# Population

## Contents

## Introduction

The population represents the collection of possible solutions. The class has the following overloaded constructor.

public Population(int populationSize, int chromosomeLength, bool reEvaluateAll, bool useLinearlyNormalisedFitness, ParentSelectionMethod selectionMethod, evaluateInParallel);

## Population Size and Chromosome Length

For many genetic algorithm configurations, a binary string is used. These are typically initialised in a random manner. Specifying the population size and chromosome length in the constructor of the Population will generate the specified number of random solutions (chromosomes) each with a binary string of the specified length.

The GAF is capable of handling chromosomes other than binary strings and it may not always be appropriate to start from a random population. In this case, a more appropriate population (collection of chromosomes) can be generated externally and passed to the Solutions property of the Population object. The example code below creates an empty population, the method *CreateChromosomes()* defined by the developer (not shown here) returns a List of Chromosome objects (*List<Chromosome>*) as the population.

var population = new Population(); var chromosomes = CreateChromosomes(); foreach (var chromosome in chromosomes) { population.Solutions.Add(chromosome); }

alternatively...

var population = new Population(); population.Solutions = CreateChromosomes();

## Re-Evaluate All

Many GA problems are not *noisy*, that is, the fitness value would not change
if the solution were to be re-evaluated. In situations such as these, the evaluation
process can be optimised not to re-evaluate each solution at each generation.
The GAF handles this type of optimisation internally. However, in noisy environments,
environments where re-evaluating the same solution could produce a different fitness
from the previous evaluation, it is important to re-evaluate all solutions. The re-evaluate
parameter ensure this.

## Linear Normalisation

Linear normalisation, as implemented within the GAF, simply orders the solutions by decreasing evaluation, and creates a fitness based on this ordering. For example for a population of 100, the fittest would be 1.0 and each subsequent solution would decrease linearly in value down to the worst solution with a fitness of 0. The starting point and decrement parameters of this approach are fixed within the GAF.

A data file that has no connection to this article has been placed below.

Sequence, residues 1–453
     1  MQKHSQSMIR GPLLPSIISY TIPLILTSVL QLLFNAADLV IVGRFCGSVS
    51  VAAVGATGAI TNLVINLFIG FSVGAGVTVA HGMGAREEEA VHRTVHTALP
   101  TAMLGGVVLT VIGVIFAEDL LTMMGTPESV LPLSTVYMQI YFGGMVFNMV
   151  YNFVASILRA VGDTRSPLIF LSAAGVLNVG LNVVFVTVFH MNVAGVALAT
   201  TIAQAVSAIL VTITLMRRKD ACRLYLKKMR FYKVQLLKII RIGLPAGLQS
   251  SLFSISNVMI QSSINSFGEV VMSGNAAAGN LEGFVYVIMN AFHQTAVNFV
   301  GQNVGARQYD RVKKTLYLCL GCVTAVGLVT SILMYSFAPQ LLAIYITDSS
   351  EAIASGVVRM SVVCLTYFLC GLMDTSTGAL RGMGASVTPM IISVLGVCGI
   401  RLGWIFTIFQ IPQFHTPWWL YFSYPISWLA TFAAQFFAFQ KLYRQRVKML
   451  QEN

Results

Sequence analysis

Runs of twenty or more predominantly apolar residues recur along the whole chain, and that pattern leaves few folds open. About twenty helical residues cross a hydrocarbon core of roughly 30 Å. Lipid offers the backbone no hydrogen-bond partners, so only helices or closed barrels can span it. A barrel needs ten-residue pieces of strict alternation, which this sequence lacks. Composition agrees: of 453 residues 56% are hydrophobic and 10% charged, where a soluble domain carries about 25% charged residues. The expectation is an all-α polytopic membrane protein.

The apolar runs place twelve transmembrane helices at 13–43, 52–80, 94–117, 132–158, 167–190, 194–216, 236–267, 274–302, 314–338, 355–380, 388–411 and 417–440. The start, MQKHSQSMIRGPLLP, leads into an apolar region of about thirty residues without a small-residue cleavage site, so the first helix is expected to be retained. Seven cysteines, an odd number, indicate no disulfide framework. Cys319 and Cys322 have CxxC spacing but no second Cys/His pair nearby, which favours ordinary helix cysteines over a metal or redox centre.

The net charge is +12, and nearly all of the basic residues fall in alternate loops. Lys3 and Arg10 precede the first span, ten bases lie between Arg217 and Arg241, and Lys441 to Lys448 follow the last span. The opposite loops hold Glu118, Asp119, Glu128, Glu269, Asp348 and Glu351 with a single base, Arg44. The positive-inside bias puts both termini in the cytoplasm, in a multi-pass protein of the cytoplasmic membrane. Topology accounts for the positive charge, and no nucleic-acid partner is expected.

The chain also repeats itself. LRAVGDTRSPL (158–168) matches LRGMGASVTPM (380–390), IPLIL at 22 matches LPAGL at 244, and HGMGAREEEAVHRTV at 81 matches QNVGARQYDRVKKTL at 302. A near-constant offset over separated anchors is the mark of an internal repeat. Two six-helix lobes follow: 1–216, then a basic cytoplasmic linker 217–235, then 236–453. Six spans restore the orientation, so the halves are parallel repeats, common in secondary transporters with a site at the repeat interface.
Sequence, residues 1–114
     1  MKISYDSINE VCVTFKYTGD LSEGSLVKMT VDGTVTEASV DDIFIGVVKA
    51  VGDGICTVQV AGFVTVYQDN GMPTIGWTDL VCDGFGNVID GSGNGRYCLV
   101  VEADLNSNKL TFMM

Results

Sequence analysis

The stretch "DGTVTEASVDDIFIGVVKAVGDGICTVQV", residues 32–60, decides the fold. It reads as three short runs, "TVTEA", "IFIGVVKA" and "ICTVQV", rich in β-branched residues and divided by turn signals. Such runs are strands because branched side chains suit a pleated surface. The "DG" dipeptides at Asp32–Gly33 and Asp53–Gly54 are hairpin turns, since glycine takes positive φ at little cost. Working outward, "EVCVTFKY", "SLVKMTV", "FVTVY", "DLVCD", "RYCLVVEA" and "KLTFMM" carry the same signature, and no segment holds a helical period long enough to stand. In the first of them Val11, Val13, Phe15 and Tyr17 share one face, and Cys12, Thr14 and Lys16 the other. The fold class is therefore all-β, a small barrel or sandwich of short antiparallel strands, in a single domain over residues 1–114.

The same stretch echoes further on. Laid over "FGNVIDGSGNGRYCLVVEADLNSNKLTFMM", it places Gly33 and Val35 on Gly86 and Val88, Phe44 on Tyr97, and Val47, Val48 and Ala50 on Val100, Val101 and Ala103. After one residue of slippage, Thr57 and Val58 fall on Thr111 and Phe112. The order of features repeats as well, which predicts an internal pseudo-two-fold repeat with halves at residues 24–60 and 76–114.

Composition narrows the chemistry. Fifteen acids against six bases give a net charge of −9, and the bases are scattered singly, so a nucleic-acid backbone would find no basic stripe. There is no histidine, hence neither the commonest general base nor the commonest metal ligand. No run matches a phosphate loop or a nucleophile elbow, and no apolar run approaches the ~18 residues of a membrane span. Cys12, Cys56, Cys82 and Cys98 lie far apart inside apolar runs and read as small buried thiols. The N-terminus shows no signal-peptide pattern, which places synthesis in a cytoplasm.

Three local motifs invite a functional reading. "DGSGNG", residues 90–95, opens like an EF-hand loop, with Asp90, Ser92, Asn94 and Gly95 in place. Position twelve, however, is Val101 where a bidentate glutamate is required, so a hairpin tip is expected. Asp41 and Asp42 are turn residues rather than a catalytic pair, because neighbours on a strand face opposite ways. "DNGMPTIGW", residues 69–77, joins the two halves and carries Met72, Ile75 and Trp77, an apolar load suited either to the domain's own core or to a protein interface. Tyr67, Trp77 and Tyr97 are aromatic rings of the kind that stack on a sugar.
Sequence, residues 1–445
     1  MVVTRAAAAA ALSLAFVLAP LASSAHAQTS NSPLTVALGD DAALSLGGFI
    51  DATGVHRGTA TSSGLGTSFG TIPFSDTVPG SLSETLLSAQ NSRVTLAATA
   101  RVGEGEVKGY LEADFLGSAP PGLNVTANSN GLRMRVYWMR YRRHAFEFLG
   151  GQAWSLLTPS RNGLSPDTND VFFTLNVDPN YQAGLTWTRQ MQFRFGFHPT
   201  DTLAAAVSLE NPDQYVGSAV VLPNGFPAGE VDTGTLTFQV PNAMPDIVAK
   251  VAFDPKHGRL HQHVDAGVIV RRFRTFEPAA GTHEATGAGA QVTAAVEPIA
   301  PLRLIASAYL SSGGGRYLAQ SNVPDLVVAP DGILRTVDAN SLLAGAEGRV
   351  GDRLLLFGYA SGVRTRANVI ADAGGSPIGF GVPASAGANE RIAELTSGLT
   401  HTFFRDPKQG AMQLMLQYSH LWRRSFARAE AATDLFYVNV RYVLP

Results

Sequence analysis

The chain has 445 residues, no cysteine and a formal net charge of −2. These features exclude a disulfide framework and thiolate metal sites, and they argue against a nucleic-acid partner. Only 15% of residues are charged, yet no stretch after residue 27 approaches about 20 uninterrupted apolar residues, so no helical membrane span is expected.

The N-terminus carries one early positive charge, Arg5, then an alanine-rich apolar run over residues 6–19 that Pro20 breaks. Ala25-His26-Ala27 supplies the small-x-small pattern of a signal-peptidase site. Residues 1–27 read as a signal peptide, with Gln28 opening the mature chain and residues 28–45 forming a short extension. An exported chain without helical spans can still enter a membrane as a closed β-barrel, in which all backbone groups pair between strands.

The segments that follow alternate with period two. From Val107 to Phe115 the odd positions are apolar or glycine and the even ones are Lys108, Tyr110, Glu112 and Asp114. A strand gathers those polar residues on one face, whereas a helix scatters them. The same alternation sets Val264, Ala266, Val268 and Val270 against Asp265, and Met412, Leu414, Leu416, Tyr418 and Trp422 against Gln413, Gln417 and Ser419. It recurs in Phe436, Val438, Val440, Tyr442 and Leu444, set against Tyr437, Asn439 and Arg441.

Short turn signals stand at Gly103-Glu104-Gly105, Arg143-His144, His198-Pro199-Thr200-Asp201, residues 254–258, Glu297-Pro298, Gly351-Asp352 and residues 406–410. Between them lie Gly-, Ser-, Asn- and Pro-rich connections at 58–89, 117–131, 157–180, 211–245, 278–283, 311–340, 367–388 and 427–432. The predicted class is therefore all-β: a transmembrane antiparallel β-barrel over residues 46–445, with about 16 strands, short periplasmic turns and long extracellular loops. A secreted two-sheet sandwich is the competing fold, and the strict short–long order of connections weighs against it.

Linear normalisation can be invoked by setting the useLinearlyNormalisedFitness
parameter to true in the constructor of the Population object.

Linearly normalising fitness helps maintain natural selection. Natural selection occurs
when the fittest individuals are selected as parents for the next generation, proportionally
to their fitness. However, in some problem domains, where the difference between the fitness
value of the fittest and others within the solution is very small, each has a similar
probability of being selected as a parent. By normalising the fitness of the population
between a minimum and maximum value natural selection can be improved. The GAF normalises
linearly between 0 and 1.0.

## Parent Selection Method

At each generation, the population object is responsible for selecting parents when requested. The method by which this is done can be controlled by the Parent Selection parameter.

### Fitness Proportional Selection

This method is often referred to as Roulette Wheel selection The analogy to a roulette wheel can be envisaged by imagining a roulette wheel in which each candidate solution represents a section of the wheel. The size of the sections are proportionate to the probability of selection of the solution. This means that fitter solutions are more likely to be selected but all solutions have a chance.

### Stochastic Universal Sampling

Stochastic Universal Sampling is a development of fitness proportionate selection. Where FPS chooses several solutions from the population by repeated random sampling, Stochastic Universal Sampling uses a single random value to sample all of the solutions by choosing them at evenly spaced intervals. This gives weaker members of the population a better chance of being chosen.

### Tournament Selection

Tournament selection involves executing several "tournaments" using individuals chosen at random from the population. The winner of each tournament is selected.

## Parallel Evaluation

The population object is responsible for calling the user specified fitness function. This function will be called for each solution in the population. In some systems there may be a performance benefit in using the .Net Parallel Task Library to evaluate the population. Since version 2.2.1, a constructor argument (and/or property) of the population object can be used to control this behaviour. Where the target framework does not support the Parallel Task Library e.g. PCL profiles, this argument/property has no effect.

In some cases operators can perform evaluations for example the Memory Operator and Crossover when configured to use the Delete Last replacement method perfom evaluations before adding children to the population. The specific operator invoked evaluations such as these are not conducted in parallel.

## See Also